Do beg your way onto lots of boats... OPB (other people's boats) is a fine, fine way to get experience. Play your cards right and some kindhearted, generous, caring boat owners might even let you help out with fiberglass repairs, diesel bleeding, marine head rebuilding, sail patching, circuit troubleshooting, blister removal, halyard retrieval/replacement, teak varnishing, and other secret delights of the boat owner's life.

Do ask lots of opinion, network, and pay attention to any feelings of unease ... or, with luck, feelings that "this one fits just right".

Don't believe everything you hear or read is true ... or at least, will be true for you and your needs and comfort level.

Chuck

I scoured the internet for prospects of a nice pocket cruiser. Sent web ad photos off to sailor friends and relatives for advice.
Contacted the broker and made an appointment to look at a nice looking used Pearson. I liked the deck layout and outward appearance. My wife went below to give it the sniff test and shook her head. Checking further she put her finger through a wet spot in the bulkhead next to a chainplate.

Even the broker was speachless.

Chris Dowling

As a yacht broker, the best advice I can give to you is get a very good surveyor! Don't hire the cheapest one, get the one with good references and credentials. Be there at the survey and do not be afraid to ask questions. The surveyor works for you and you should take full advantage of this. This is also the best time to learn about the systems in your soon to be new boat before they break on you, and they will. Good luck!

Derek Bouwer

There are a number of issues when buying a new boat or your fisrst boat
I will assume that you have sailed before.
First question you need to answer for yourself is What do I ant to do with this boat
1 Either Yacht racing or Cruising or a combination of both. answering this question will put in the right direction if the type and design of boat you would like to buy.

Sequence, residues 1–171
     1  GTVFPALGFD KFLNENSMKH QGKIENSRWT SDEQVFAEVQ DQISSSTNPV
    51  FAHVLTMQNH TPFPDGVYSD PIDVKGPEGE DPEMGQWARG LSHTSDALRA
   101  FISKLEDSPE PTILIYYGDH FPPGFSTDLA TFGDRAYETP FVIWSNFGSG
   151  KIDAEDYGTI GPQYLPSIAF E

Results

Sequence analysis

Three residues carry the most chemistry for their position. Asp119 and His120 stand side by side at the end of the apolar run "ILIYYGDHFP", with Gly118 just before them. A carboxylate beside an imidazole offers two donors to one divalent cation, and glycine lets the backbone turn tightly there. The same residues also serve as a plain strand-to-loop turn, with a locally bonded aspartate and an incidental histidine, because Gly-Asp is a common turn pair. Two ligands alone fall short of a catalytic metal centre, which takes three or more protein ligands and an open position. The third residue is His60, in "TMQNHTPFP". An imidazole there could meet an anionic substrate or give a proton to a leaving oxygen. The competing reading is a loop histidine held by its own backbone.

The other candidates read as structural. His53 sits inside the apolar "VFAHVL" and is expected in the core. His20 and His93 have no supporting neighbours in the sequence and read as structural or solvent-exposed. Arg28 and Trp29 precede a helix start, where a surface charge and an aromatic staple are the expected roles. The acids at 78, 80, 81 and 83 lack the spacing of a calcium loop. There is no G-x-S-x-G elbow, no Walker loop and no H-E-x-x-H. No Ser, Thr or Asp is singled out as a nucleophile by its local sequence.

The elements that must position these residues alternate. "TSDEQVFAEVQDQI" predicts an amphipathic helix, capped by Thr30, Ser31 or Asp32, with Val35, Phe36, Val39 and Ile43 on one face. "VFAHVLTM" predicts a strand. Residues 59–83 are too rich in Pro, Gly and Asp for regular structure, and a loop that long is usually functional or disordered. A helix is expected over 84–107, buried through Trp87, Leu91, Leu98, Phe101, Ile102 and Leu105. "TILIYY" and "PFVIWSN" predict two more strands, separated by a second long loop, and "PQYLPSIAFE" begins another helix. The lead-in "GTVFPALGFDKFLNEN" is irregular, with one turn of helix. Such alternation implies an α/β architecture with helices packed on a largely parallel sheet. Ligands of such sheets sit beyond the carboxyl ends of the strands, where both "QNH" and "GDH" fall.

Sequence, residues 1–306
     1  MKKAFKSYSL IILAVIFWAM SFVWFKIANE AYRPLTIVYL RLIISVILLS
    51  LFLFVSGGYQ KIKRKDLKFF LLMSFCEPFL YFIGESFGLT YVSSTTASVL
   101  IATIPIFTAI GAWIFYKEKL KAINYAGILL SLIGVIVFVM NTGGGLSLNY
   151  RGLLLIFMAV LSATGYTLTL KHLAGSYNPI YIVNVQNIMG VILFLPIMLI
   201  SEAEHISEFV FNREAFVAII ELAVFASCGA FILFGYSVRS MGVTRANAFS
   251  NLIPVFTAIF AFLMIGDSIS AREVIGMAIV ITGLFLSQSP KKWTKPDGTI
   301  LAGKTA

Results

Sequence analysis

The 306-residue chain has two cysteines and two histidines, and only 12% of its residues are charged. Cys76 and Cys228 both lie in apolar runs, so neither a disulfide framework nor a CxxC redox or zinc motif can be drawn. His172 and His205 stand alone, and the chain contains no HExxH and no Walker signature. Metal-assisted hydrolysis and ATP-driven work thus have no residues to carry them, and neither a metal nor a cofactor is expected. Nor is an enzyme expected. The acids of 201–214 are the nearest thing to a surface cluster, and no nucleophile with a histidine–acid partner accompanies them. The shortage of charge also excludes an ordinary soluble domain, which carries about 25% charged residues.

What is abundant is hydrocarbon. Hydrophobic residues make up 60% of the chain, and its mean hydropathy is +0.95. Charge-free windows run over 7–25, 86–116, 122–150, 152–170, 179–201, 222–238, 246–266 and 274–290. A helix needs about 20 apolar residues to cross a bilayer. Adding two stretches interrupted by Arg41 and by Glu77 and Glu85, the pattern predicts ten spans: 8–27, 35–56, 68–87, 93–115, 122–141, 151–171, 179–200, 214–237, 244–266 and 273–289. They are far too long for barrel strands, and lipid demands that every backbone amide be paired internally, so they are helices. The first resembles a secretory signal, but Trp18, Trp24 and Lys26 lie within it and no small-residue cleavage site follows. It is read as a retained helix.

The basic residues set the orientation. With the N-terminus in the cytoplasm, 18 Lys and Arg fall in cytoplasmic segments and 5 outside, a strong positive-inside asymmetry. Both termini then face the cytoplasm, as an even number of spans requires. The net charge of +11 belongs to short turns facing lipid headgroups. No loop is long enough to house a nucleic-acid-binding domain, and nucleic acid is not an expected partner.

2 Next identify 1-2 designs you like then try to sail on that design before buying this give you an idea of the boat appointments and capabilities.
3 make you final choice to the design then look for a suitable boat via boat yards and yachting mags.
Decide on a number of boat you might purchase
then look them over personally
Ask the prespective seller the following question.
1 How often have you sailed this boat.
If they sailed the boat once in 5 year wack 30% off the asking price, a boat that has not been sailed regularly will require more maintenance before you can go sailing
2 Ask to see the differeny appointments on the boat then ask to see them operating thus ensure that what ever you buy is in working order apointment that are nhot working wack off money as this is what you will have to pay to get them working.

Once youve found the prospective boat and the propective seller that has shown and given the answers that satisfy you settle on a price now ask for all the paper work manuals servce record of all the equipment on the boat. this save you a lot of heartach and pain when you have to work and service them.Buy the boat.
Once youve got the boat in you homr port go through it once again from stem to stern maling a list of things that need you attention
Stat with those that will get you boat sailing if you're lucky it will be ready to sail. Start fixing but most of all start sailing and enjoying tyou boat.
WE bought a VD Stadt 34 in 2006 and are sailing regularly and still working on our to-do list.
please understand work and manitenance to keep your pride and joy sailing never stops!!!
Enjpy which ever boat you buy but most of all sail her regularly

3

Corinthian

Good question and most of us have started at the same point at one time or another;
Couple of key points to remember
1.buying a boat will be one of the most enjoyable things to do - if and only if you use it
2.Buy a boat with the ability to be able to sell it in 5 years time - always look at the next owner
3.Make sure the lady/bride is onboard with your crazy adventure
4.then here is the risky (or less risky) approach.
Find someone in the sailing community with credibility/experience and good heart. Most of us are - be forthright - pay the person good money to sort thru the bullshit for you and do as your told in the boat to purchase.